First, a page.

The heresy test

heresy test


Once upon a time, when the Internet was young – approximately 1996 – I had a funny little website which drew no traffic at all. (Almost like today!) It was mostly a nice way for me to practice writing HTML. I posted jokes, and had a family-history section.

I also had a nice heresy test.

It was very simple: five questions, multiple-choice. You were expected to answer from the dogmatically established Roman Catholic point of view. Otherwise, the test threw you out. You were a heretic and bound to burn in hell unless you renounced your heretical beliefs.

Here’s a sample question:

 

 

The Blessed Virgin Mary was the mother of Jesus. Jesus was, of course, the Second Person of the Holy Trinity, which means he was God. If you follow this line of thinking, you will probably realize that this makes Mary (a human being) the mother of God (who is eternal).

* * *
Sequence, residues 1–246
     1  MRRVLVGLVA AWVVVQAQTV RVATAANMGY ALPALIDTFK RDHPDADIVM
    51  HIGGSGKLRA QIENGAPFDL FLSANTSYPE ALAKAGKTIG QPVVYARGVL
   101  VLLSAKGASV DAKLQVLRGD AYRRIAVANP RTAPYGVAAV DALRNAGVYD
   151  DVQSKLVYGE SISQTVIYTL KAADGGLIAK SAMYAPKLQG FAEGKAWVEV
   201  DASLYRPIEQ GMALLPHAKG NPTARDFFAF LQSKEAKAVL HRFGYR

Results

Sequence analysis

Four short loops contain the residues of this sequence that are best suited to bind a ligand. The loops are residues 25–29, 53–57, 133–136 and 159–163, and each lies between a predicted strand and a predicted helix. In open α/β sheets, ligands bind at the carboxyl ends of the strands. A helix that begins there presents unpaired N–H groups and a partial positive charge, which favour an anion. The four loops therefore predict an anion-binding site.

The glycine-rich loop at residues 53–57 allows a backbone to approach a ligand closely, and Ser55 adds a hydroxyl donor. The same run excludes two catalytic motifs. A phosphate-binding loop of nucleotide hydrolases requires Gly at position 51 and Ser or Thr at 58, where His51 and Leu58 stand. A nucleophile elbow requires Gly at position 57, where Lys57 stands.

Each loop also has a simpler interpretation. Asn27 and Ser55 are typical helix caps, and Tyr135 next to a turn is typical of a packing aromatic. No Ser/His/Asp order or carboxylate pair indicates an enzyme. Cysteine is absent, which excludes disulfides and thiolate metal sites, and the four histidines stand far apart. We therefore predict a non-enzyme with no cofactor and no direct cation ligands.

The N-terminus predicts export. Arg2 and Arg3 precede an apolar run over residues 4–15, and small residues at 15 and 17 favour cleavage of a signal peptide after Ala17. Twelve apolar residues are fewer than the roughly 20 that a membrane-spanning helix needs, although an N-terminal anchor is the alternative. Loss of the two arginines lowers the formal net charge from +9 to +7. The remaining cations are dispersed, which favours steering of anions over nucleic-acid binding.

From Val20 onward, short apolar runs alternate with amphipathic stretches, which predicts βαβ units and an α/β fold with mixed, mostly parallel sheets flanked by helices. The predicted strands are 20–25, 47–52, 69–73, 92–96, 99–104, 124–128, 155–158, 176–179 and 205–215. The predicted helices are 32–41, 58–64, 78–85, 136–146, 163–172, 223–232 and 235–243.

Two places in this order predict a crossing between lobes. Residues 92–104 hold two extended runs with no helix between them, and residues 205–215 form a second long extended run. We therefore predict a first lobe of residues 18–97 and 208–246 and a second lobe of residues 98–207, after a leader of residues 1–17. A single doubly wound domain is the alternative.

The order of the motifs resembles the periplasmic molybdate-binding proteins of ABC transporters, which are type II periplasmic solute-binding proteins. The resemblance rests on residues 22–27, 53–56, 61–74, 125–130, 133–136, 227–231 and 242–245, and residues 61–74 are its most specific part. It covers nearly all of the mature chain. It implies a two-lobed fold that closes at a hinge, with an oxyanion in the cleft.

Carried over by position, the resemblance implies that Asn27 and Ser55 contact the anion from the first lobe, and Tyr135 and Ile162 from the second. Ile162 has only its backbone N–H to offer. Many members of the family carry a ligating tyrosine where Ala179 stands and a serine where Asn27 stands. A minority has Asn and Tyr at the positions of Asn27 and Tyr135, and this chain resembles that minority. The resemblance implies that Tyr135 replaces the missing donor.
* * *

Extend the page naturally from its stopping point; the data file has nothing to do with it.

How can a mother be younger than her own son?

 

 

A: Oh, to hell with logic. Mary is the Mother of God. Period. End of story.

 

B: Mary was the mother of the human part of Jesus. She’s not the mother of God; that wouldn’t be logical.

 

C: Mary is the mother of Jesus in some sense of the word, but not in every sense of the word. We shouldn’t try to define these things too precisely.

The correct answer is A. This was established (with some strife) at two Church councils: the “robber’s council” of Ephesus in 449, which claimed B to be correct, and the Council of Chalcedon in 451 (only two years later!) which reversed Ephesus and laid the Church’s path to the present day.

Did you get the question right?

I didn’t think so.

Burn in hell, heretic.


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